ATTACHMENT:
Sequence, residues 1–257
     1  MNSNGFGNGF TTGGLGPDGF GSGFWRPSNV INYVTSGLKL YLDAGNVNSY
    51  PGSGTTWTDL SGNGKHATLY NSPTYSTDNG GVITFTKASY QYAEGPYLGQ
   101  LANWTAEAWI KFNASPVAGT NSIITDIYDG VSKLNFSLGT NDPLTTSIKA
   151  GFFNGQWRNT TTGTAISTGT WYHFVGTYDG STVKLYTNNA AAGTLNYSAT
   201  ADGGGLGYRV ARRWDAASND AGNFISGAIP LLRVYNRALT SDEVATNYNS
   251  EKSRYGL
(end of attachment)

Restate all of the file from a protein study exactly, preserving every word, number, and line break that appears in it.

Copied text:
Sequence, residues 1–257
     1  MNSNGFGNGF TTGGLGPDGF GSGFWRPSNV INYVTSGLKL YLDAGNVNSY
    51  PGSGTTWTDL SGNGKHATLY NSPTYSTDNG GVITFTKASY QYAEGPYLGQ
   101  LANWTAEAWI KFNASPVAGT NSIITDIYDG VSKLNFSLGT NDPLTTSIKA
   151  GFFNGQWRNT TTGTAISTGT WYHFVGTYDG STVKLYTNNA AAGTLNYSAT
   201  ADGGGLGYRV ARRWDAASND AGNFISGAIP LLRVYNRALT SDEVATNYNS
   251  EKSRYGL